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Microsoft has asked a court in Seattle to ban Kyocera's DuraForce, Hydro and Brigadier lines of cellular phones in the U.S., alleging that they infringed seven Microsoft patents.
By John Ribeiro | 09 March, 2015 16:19
Some Apple products may be banned from sale in the U.S. if Ericsson gets its way after filing a barrage of patent lawsuits.
By Peter Sayer | 27 February, 2015 23:23
Shortly after a jury in Texas awarded it US$532.9 million in damages in a patent dispute with Apple, patent company Smartflash has sued the iPhone maker again, this time to focus on newer Apple products.
By John Ribeiro | 27 February, 2015 18:29
Apple has been ordered to pay US$532.9 million after a U.S. jury found that its iTunes software infringed three patents owned by Smartflash, a Texas-based technology licensing company.
By Fred O'Connor | 26 February, 2015 04:14
IBM has sued online travel company Priceline Group and three subsidiaries for refusing to negotiate a license to four of its patents.
By John Ribeiro | 10 February, 2015 18:05
Over the past year, patent battles have been fought by tech companies in courtrooms all over the world. The litigation is far from over though, however, and will continue throughout 2013. This is what's at stake on the patent battlefield in the near future.
By Loek Essers | 21 December, 2012 16:08
Samsung took a step toward finding a kind of "pax tabletica" with arch-foe Apple in an Australian court last week, offering to remove features from its Galaxy Tab to avoid a court ban on sales of the device in that country. But what's really interesting about the case isn't the technical litigation, but the underlying attempt to define how much of a product's design is actually protected under existing, fragmented international laws.
By Jonny Evans | 06 October, 2011 05:45
The following report, is based on a global survey of 706 IT and security professionals conducted in the United States, Canada, Germany, United Kingdom, Australia and New Zealand. The goal of the survey was to capture data on current attitudes and trends with mobile devices and IT security. This is the third survey on this topic and this report evaluates differences in responses to similar questions asked over the past two years.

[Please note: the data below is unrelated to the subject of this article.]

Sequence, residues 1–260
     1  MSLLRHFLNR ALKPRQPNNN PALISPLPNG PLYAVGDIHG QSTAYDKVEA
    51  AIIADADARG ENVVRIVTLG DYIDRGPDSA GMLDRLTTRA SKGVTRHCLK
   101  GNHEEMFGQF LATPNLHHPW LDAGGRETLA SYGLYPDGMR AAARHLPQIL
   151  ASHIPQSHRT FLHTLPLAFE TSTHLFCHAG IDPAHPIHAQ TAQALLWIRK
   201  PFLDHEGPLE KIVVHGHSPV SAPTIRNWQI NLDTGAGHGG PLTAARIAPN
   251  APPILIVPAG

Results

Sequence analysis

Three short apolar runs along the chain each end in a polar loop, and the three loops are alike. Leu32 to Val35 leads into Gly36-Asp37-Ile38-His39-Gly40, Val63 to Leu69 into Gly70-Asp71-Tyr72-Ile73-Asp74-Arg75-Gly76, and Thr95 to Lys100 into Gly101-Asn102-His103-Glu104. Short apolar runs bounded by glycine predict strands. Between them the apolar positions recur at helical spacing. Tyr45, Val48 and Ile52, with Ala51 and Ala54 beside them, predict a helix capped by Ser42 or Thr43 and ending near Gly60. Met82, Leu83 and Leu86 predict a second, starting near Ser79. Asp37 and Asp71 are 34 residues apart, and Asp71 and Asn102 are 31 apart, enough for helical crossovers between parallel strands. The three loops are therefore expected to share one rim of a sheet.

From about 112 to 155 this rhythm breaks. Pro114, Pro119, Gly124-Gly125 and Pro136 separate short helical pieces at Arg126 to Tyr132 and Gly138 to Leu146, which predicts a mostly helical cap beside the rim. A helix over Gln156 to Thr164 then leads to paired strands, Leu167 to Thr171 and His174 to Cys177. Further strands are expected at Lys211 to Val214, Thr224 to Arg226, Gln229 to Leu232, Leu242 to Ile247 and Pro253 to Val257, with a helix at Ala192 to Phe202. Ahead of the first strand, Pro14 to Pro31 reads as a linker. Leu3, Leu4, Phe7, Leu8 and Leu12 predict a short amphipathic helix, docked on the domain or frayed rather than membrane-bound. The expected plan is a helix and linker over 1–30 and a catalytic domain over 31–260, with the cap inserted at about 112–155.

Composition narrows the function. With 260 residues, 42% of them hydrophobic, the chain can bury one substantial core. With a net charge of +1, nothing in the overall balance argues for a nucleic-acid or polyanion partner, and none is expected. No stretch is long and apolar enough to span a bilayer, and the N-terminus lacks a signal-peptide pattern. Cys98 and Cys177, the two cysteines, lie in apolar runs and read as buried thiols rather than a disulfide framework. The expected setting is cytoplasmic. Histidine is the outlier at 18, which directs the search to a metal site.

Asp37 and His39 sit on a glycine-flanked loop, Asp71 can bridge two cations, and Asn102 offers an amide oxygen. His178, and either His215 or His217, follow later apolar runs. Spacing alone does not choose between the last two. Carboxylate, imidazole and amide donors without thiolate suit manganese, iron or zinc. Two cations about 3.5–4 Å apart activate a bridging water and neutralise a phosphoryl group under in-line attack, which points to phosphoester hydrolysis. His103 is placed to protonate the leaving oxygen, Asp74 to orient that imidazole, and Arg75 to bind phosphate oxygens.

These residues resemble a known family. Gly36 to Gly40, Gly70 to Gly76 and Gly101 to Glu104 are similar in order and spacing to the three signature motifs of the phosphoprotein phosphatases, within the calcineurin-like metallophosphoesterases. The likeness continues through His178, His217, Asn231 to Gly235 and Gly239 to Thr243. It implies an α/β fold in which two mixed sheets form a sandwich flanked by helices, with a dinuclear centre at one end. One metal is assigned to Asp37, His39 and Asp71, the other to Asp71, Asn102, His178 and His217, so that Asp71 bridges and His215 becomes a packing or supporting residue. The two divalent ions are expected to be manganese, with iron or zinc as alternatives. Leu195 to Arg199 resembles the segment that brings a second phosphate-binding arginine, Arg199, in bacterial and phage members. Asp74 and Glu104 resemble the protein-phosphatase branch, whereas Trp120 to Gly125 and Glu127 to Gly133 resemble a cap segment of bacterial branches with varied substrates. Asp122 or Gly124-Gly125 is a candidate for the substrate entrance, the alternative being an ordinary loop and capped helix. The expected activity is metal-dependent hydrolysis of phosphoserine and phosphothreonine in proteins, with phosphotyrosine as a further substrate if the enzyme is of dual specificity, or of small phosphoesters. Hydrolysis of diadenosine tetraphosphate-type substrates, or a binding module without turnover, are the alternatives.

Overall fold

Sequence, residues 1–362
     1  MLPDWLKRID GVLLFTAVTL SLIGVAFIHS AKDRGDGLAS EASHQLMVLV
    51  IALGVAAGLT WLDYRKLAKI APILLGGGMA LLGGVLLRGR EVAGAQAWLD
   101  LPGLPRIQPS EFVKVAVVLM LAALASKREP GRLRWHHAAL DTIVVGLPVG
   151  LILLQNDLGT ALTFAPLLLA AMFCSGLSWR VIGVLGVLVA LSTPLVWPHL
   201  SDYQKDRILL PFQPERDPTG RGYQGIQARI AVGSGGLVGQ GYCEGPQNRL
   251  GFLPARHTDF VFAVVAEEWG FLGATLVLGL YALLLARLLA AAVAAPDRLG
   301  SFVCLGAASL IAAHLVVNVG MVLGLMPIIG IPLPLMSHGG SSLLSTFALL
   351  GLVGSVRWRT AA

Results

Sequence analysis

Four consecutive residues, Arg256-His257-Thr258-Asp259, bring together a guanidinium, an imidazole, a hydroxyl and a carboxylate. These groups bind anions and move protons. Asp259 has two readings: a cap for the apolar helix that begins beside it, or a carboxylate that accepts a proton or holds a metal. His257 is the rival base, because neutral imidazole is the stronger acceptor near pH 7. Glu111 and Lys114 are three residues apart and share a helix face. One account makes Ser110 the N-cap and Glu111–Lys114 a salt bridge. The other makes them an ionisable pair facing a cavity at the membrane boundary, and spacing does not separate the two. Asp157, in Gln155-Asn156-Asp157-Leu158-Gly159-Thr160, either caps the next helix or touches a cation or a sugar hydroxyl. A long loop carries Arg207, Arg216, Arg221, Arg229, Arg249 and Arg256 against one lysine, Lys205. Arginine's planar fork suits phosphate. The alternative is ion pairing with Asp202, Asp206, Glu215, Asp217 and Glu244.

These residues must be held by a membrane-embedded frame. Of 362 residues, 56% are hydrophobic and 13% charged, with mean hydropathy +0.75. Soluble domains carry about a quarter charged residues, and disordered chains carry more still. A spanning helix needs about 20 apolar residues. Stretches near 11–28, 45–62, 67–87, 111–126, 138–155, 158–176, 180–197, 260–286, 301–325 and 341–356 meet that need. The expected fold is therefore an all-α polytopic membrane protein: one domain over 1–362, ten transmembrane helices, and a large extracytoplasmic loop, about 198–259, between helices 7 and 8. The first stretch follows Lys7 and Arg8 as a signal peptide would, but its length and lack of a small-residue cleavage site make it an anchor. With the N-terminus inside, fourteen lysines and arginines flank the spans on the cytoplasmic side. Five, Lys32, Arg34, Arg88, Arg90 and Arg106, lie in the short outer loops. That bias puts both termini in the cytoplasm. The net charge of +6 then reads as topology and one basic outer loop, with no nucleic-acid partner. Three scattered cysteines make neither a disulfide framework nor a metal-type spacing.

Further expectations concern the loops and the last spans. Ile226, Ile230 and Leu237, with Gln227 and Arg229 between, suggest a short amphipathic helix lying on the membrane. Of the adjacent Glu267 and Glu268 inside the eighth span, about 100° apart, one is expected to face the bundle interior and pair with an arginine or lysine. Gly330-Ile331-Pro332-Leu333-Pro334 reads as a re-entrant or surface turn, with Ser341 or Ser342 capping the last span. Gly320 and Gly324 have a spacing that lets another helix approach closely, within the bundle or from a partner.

- CCSenior Systems EngineerNSW
- CC.Net Solution ArchitectNSW
- CCDBA (Oracle/SQL)NSW
- FTBusiness Management - Account Director - Leading Entertainment ClientNSW
- FTJunior Media Buyer - Sales CoordinatorNSW
- CCMobile Designer / Developer - IOSNSW
- CCMobile iOS DeveloperNSW
- CCMobile Designer / Developer - IOSNSW
- FT.Net Solution ArchitectNSW
- CCFront End Web Developer (Drupal)NSW
- FTSenior SQL DBANSW
- CCSenior Release EngineerNSW
- FTApplication Support SpecialistNSW
More and more government agencies are turning to a BYOD strategy. While this can make more transactions mobile and potentially decrease IT costs, they may also make the agency vulnerable to security breaches. •One of the biggest threats is social engineering, a process by which an adversary tricks the user into offering up information or access rights. •While there are several types of social engineering to be on the lookout for, there are three dominant attacks to watch •As agencies debate expanded device and data management policies, creating a divide between personal and professional content is essential
- Toshiba announces industry's densest 3D flash memory
- In Japan, smartphone apps time spring's cherry blossoms
- Optus to review information security after privacy snafu
- Data retention: Telstra to keep customer data within Australia
- An SDN vulnerability forced OpenDaylight to focus on security
- Vodafone extends Nokia Networks contract for four years
- Audit unearths Tasmanian government security gaps
- Meltdown! New Periscope iPhone app live streams ice cream factory's end
- Court throws out lawsuit over storage on iPhones, iPads
- Facebook speeds iPhone app dev wih React Native
- Facebook wants to blur lines between reality and virtual reality
- Microsoft name games continue as 'universal apps' become 'Windows apps'
- New Unit4 platform promises 'self-driving' ERP
- Goodbye GPS? DARPA preparing alternative position-tracking technology
- US offers rewards for fugitive Russian cybercriminals